Thursday, June 16, 2005

Taylor retires from court with praise

Staff Writer

Third district circuit court reporter Carole Jean Taylor retires with 30 years service July 1. She will be missed because of her longstanding efficiency and competency, said Judge Henry L. Lackey, one of five judges Taylor has worked with.

“She is the epitome of what a Southern lady is,” he said, “a wonderful person. We have other outstanding reporters but we are going to miss her guidance and leadership.”

Taylor said last week it is time for her to retire but it doesn’t seem possible.

Over the years she has made contact with a lot of people in courthouses around the district and will miss them.

“There are so many close friends; that is what makes it so hard to retire,” she said. “It is just so hard for me.”

The third district has three court reporters who share the duties. Taylor has traveled to all communities in the district to work with judges - the county seats in New Albany, Oxford, Ashland, Pittsboro, Ripley, Okolona, Houston and Holly Springs.

She has no favorite courtroom or town among the eight but said she enjoyed each community for what it offered. In Oxford the many good places to enjoy eating were fun. In New Albany shopping was interesting, she said.

Taylor began reporting in 1975 and has worked with five wise judges whom she called the best in the state - W.W. Brown, William Lamb, Kenneth Coleman, Henry Lackey and Andrew Howorth.

Her interest in court reporting budded when she worked as a secretary for attorneys Gus Smith and Sidney Hurdle in 1960.

“In one interesting case I was working on for Sidney, he let me take my pad and pencil (to court),” she said. “I got intrigued. I worked for several legal offices before I got to be court reporter.”

Disturbing cases

Taylor said some cases have affected her deeply and are not easily pushed out of the mind and heart.

“Stuff stays on your mind and it never really wears off,” she said. “It affects the way you feel about a lot of things and places. I don’t think people really realize what a serious crime problem we have.”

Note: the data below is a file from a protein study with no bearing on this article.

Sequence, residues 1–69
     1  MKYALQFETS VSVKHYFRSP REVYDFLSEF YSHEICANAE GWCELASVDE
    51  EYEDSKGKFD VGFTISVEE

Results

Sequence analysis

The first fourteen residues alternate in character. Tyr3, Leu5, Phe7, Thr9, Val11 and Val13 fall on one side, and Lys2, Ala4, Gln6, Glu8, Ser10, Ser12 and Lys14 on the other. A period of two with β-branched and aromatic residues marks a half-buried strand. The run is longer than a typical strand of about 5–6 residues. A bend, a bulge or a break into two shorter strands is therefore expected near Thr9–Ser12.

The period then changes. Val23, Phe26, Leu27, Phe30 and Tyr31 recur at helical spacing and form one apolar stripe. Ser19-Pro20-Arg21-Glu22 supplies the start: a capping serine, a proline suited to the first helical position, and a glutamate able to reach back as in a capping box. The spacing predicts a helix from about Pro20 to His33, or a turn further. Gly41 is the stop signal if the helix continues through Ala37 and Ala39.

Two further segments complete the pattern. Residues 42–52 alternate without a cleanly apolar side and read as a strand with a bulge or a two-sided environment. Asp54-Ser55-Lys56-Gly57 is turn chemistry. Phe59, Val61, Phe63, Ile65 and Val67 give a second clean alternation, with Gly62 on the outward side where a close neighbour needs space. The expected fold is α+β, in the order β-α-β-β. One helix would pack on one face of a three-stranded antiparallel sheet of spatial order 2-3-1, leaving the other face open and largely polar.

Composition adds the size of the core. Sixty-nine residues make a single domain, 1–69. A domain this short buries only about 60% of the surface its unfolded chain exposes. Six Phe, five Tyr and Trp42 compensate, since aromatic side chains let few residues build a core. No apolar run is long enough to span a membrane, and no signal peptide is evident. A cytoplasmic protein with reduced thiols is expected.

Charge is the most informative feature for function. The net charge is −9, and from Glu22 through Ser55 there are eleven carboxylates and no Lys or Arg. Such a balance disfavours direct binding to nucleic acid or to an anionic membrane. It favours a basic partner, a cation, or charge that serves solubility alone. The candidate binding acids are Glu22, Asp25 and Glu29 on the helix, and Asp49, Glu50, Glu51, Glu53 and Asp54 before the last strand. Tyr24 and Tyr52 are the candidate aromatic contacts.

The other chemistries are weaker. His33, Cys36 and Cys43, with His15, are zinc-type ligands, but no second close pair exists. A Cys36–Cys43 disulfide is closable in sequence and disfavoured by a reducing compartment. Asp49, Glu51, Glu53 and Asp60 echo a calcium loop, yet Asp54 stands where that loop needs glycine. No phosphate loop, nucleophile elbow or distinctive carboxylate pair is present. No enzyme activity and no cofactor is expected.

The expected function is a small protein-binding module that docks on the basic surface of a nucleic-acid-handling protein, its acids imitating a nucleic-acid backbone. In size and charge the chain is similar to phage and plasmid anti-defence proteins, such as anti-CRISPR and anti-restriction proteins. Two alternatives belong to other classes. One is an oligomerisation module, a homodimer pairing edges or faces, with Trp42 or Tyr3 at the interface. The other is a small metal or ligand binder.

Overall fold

Taylor believes judges are also affected in this manner, especially because they have to make decisions that affect people’s lives on both sides of a case.

“I guess the bottom line is there is a judge there who has to take on those hard decisions,” she said. “It is sad to see families that come with them. You do walk away feeling the community may not realize how widespread crime is across the whole nation.”

Judges use humor a lot to dissipate emotion, she said.

Taylor cited two trials that were particularly memorable - the trial of Bart Mease who was convicted of shooting Marshall County Sheriff Osborne Bell and the Miskelly case in Benton County where a man was on trial for shooting a man over a girlfriend.

“I’ll just never forget the first time I wrote in my book, ‘death by lethal injection,’ ” she said. “I packed up and got in my car (to leave) and I just lost it. It just hit me what I had written.”

Those words were spoken in Bart Mease’s first trial. His conviction was appealed in Pittsboro and the second jury gave him life, she said.

The Miskelly case involved a shooting in Benton County following a dispute among teenagers in Tippah County, she said.

“It was a long trial and the boy was convicted,” Taylor said. “I just never knew boys killed boys over girls. There were so many people the courtroom was packed. People brought their lunch and didn’t want to give up their seats.”

The trial was interesting because a lot of experts were called to testify.

“I heard they made a movie about it,” she said.

Other experiences

Taylor recalled her first job at age 13, an 8 a.m. to 9 p.m. job at Barnett's Dry Goods Store. “I got paid $4 a day and I thought I was really rich,” she said.

She has had an assortment of jobs.

One she remembers was short lived. As a young girl Taylor accepted a job at Armor’s Drug Store. While stirring a milk shake, the machine splattered the shake over my customer, Edwin Callicutt.

“I left at noon (from the drug store) and never went back,” she said.

By the way, he was the person who much later on let me know of the court reporter position that was going to be filled.”

She also worked as a teller at the Bank of Holly Springs but didn’t stay with banking because she didn’t like handling money and having to balance the window at the end of the day.

Typing and shorthand became what she enjoyed most and did it well.

“And I am glad that my job was just to write,” she said.

The other reporters she worked with are Anita Moss and Maggie Fair and Jean Sparks, chancery reporter in the Third Judicial District.

The women were not only great people to work for but treasured friends.